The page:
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Title: Clergy attitudes to 'folk-religion' in the Diocese of Bath and Wells.
Author: Walker, Philip Geoffrey.
Awarding Body: University of Bristol
Current Institution: University of Bristol
Date of Award: 2000
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The concept of 'folk-religion' has functioned as both a mission interface, and as a clerical category of self-absolution in the face of secularisation and marginalisation. The attitudes that clergy bring to'folk-religion', its beliefs and praxis and the effects of longitudinal change within the religious Zeitgeist, are the main concern of this study. Data on clergy attitudes to 'folk-religion' from the 1988-1990 Rural Church Project (RCP) provide an empirical basis for replication and extension of the RCP questions on 'f olkreligion' to the Diocese of Bath & Wells. The latter takes the form of sixtyone in depth semi-structured interviews, together with a small sub-sample of Anglican and other mainstream clergy working in Glastonbury. Chapter One critiques the RCP, introduces the concept of 'folk-religion', and proposes a descriptive attitudinal taxonomy, the strong-negative - non-differentiator continuum. This both defines the range of clergy attitudes to 'folk-religion' and provides a heuristic model which, in conjunction with a quantitative instrument (the Clergy Attitude Scale) is elaborated in Part Two when the Somerset data are subjected to in-depth analysis. The latter is approached through the concept of differential-reflexivity. The attitudinal pattern to emerge is contained within a nexus of psychological, sociological, and theological constructs. Earlier models linking clergy attitudes to 'folk-religion' to churchmanship are modified, as is the understanding of the function of 'folk-religion' as a clerical category of selfabsolution. Chapter Six considers evidence of longitudinal changes in both the meanings and representations of 'folk-religion' as they impact upon clergy attitudes and pastoral praxis. Chapter Seven discusses the impact which the leitmotif of Glastonbury has upon the meanings of contemporary representations of the sacred. Chapter Eight suggests that the key underlying theological attitudinal signifier is to be found within the different ways in which a soteriological meta-narrative is implicitly used by the clergy in the formation of attitudes to 'folk-religion'. The way in which the study extends knowledge, its significance for missiological modelling, and further research possibilities are discussed in Chapter Nine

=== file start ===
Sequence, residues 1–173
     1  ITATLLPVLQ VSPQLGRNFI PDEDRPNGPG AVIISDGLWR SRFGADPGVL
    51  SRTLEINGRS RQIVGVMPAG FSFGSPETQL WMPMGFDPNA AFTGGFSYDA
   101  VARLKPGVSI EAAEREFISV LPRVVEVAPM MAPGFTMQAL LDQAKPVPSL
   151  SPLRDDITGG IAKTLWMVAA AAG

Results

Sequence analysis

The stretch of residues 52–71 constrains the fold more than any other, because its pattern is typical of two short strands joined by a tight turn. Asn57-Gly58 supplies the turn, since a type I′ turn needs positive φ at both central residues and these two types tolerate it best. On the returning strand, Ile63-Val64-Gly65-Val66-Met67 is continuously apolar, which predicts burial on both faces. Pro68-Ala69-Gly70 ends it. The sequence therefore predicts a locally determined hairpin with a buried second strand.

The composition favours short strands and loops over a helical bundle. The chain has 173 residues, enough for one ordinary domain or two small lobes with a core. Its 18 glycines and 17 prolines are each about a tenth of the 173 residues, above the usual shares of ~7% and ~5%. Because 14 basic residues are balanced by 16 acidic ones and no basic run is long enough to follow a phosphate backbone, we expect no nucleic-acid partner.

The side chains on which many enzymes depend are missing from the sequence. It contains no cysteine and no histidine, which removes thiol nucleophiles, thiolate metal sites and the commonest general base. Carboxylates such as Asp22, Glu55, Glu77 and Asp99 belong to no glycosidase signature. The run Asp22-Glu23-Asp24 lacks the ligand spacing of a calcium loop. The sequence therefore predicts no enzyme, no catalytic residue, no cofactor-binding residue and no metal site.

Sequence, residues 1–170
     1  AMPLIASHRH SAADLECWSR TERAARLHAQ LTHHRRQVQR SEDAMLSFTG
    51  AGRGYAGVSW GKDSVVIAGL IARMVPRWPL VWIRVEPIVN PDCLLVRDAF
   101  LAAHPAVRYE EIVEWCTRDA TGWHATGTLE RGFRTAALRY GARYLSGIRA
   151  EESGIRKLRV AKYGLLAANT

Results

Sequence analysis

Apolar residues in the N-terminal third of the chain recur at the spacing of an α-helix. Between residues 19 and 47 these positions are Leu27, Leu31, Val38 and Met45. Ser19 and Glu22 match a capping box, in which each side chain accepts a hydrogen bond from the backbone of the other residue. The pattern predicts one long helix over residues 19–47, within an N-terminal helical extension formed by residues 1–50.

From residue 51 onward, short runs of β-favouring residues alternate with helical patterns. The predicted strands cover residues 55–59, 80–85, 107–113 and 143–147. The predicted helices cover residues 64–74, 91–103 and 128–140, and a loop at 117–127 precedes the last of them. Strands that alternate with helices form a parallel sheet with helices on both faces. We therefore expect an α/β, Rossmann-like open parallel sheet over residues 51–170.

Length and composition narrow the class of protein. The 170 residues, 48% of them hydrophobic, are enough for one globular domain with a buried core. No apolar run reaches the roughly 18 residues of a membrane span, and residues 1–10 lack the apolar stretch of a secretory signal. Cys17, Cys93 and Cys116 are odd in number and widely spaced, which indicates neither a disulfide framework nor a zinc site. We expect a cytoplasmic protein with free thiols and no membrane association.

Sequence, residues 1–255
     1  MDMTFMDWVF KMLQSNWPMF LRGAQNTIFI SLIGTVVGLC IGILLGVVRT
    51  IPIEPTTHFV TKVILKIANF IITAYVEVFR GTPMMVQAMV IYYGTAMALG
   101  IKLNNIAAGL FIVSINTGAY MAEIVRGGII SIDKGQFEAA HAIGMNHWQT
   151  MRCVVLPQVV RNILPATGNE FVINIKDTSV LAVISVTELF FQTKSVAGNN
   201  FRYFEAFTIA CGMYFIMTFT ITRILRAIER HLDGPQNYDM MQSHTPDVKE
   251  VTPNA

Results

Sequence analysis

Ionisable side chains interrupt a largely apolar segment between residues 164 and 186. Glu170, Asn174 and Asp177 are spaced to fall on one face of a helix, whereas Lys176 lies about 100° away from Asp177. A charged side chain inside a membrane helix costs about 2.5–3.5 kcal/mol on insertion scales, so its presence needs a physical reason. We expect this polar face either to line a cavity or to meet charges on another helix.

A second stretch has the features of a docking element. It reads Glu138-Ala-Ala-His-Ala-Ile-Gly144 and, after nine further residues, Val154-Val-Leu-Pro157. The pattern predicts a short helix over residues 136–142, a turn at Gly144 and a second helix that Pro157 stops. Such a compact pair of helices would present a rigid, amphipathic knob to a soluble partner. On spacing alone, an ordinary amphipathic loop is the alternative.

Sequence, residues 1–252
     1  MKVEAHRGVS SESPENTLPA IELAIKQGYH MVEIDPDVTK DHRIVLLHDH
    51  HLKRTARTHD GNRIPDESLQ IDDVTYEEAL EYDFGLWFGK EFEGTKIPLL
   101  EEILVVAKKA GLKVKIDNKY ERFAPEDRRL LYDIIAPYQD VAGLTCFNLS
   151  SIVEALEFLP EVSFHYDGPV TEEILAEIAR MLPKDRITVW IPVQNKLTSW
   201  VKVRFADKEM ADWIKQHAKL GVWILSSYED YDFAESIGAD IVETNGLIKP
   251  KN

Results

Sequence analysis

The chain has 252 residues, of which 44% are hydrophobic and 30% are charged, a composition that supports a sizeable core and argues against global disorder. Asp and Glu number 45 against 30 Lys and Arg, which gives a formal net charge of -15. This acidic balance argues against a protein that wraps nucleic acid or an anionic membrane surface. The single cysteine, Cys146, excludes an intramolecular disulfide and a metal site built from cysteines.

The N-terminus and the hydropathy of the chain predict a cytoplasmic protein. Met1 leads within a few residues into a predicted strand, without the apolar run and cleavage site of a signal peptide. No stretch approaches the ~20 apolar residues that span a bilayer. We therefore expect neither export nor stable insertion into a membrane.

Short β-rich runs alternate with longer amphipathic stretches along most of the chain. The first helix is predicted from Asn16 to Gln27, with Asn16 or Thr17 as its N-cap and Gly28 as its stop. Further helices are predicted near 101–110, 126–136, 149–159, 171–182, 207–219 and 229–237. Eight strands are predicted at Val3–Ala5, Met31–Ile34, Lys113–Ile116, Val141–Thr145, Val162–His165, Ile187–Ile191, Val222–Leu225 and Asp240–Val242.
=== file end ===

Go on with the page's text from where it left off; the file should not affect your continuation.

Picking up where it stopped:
Supervisor: Not available Sponsor: Not available
Qualification Name: Thesis (Ph.D.) Qualification Level: Doctoral
EThOS ID:  DOI: Not available
Keywords: Self-absolution; Mission; Anglican; Pastoral Philosophy Religion Anthropology Folklore Sociology Human services